On AI freshness, the pyramid principle, and hierarchies 💡
Monday 3-2-1 — Edition #44
Hey, Luca here! welcome to the Monday 3-2-1 ✨
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1) 🤖 AI & Freshness
I am very excited about using AI to write code. One thing I am worried about, though, is freshness.
A few weeks ago I asked ChatGPT to create a Telegram Bot, written in Node.js.
After generating the code, I asked it to use the Serverless framework to turn it into a function that I could easily deploy on AWS.
Amazingly enough, it did it.
The code works, but there are two problems:
It uses the old way of handling the function—with the callback—while the recommended way today uses the async / await syntax.
It uses the deprecated "on" method for the Telegram Bot, instead of the new filter utils.
This likely happens because you can find way more examples online with these methods than with the new ones, as the former have been around for longer.
This freshness problem worries me for two reasons:
I have no way of detecting it — sure, you can ask the AI to rewrite the code in the new way, but you have to know it first.
It feels intrinsic to how AI works — the model is trained on data, so it is always going to favor stuff for which it has the most of it.
I wonder whether, in the future, new frameworks will have a tougher adoption curve because people will just stick with the ones where the AI is best.
More reflections on AI and coding:
2) 🔺 The Pyramid Principle
One of the most influential works about structuring effective communication is The Minto Pyramid Principle, by Barbara Minto.
In her book, she introduces the SCQA framework for presenting ideas in a way that captures the recipient’s attention and increases the chances they understand them. Each idea should be organized into four sections:
Situation — the context, or the status quo.
Complication — a change or a problem in the current situation which makes this communication necessary.
Question — the main problem statement.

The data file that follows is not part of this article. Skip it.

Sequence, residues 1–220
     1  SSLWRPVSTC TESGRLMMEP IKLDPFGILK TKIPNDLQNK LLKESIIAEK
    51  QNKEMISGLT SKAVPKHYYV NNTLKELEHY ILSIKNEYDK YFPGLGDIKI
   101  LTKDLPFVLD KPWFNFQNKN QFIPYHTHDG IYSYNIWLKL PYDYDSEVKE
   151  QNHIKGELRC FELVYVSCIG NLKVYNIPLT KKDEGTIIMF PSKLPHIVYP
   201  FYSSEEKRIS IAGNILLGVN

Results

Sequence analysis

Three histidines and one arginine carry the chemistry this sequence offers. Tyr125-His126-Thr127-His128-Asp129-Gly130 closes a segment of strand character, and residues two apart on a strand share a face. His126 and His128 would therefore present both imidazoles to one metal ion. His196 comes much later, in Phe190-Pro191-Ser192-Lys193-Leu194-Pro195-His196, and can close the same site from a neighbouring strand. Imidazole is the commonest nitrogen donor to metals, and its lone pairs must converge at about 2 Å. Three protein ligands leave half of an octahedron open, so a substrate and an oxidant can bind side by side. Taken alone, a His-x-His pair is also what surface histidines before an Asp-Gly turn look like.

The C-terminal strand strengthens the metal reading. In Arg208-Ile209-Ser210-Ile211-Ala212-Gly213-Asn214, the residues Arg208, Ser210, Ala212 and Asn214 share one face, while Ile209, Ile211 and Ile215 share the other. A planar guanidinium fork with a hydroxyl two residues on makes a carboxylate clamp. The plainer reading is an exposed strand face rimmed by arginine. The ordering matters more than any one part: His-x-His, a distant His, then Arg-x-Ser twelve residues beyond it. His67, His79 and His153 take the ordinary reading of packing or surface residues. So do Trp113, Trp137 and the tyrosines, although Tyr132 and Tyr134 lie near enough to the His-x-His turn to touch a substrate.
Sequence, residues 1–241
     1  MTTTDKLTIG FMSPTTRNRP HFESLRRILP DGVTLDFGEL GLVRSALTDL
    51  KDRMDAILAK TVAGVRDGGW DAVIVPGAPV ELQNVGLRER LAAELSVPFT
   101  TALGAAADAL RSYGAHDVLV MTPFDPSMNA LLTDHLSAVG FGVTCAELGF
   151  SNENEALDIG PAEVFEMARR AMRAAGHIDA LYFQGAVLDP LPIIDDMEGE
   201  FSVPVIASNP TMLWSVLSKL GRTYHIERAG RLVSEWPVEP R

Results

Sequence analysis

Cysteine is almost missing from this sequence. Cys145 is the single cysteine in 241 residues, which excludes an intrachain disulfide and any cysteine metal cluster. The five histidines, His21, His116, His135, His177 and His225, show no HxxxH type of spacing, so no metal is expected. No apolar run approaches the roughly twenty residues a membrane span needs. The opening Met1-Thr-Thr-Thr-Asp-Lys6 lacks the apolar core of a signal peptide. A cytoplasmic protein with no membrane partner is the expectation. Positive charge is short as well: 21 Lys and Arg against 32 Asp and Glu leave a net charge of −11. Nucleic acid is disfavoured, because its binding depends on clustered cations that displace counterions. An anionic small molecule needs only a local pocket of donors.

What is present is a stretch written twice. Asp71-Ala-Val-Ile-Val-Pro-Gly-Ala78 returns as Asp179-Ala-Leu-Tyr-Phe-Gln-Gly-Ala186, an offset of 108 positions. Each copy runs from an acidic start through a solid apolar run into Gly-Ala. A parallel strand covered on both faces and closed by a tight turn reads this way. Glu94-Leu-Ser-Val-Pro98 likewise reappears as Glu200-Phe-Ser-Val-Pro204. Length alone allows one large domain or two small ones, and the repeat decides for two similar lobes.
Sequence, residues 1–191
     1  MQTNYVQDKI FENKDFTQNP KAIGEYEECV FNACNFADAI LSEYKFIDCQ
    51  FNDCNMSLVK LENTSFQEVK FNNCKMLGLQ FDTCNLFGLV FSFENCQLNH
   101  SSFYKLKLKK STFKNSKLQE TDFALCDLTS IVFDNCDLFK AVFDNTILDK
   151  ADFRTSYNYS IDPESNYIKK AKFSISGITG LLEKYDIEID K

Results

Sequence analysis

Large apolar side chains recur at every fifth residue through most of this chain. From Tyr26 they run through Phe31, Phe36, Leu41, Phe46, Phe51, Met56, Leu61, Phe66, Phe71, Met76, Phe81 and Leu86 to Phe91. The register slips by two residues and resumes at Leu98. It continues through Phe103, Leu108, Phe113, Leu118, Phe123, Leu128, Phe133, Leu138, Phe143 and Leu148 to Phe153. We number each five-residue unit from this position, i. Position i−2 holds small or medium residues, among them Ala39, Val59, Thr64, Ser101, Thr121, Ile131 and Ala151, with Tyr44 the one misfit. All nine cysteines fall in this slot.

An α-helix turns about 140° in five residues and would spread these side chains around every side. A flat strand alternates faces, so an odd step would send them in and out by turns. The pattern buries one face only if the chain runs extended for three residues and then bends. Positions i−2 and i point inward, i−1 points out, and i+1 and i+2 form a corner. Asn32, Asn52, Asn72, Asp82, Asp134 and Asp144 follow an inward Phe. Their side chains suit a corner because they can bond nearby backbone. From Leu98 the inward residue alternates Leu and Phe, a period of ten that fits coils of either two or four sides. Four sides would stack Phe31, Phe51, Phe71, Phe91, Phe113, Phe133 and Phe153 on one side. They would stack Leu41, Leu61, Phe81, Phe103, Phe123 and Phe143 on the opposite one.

Answer — your best answer to the posed question, or the process to put in place to get such answer.
At this point, you typically need to support your proposed answer with arguments and ideas. Such ideas should form a pyramid under a single thought, which is the answer you propose.
Below that, you should summarize and group the next level of supporting arguments. So, the Pyramid Principle is based on three key concepts:
Start with the answer first — most people think better in a top-down fashion. Start with the answer and present supporting ideas later.
Summarize and group supporting arguments — force yourself to limit the number of arguments you propose, by grouping them and focusing on the main ones. Minto suggests the Rule of Three.
Logically order your supporting ideas — make sure that the ideas you bring together under each group actually belong together, are at the same level of importance, and follow some logical structure.
More ideas and examples on how to improve your communication skills:
3) 🏰 Hierarchy scales communication
As long as your team is small, there isn’t much need for a formal organization — 5 to 10 people can work pretty well without structure.
The main problem, when teams grow larger, is communication. Large teams have a hard time keeping people on the same page, allocating resources, and making good, participated decisions.
As you grow, these problems seem to get worse gradually at first, and then suddenly. Why?
As by Metcalfe’s Law, the complexity of communication is proportional to the square of the number of users involved. So, while people grow linearly, complexity grows geometrically.
To tame communication complexity, companies usually introduce hierarchies. Hierarchies have many advantages:
They provide clear communication paths, ensuring alignment across the org.
They reduce the number of lines each person has to manage, allowing the company to scale.
They provide a simple way for making decisions, by assigning clear responsibilities.
Hierarchy, however, also brings drawbacks:
Overhead — communication has a longer way to travel to a destination, which makes you slower. Longer paths also create all kinds of “work’s work”, like traffic controlling, managing up, presentations, and more.
Inflexibility — once in place, it is hard to reconfigure roles and processes. This in turn reduces agility, resilience to turnover, and velocity, too.
There are companies who successfully scaled without introducing hierarchies. I wrote a two-part series about them:
💼 Are you hiring engineers?
In 2+ years of Refactoring and with 30K+ subscribers, I routinely get asked for help about hiring. I always do my best and over time I helped tens of companies hire probably 50+ engineers.
So, if you are hiring developers, I can probably help. Feel free to reach out by replying to this email, or DM me anywhere.
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I wish you a great week! ☀️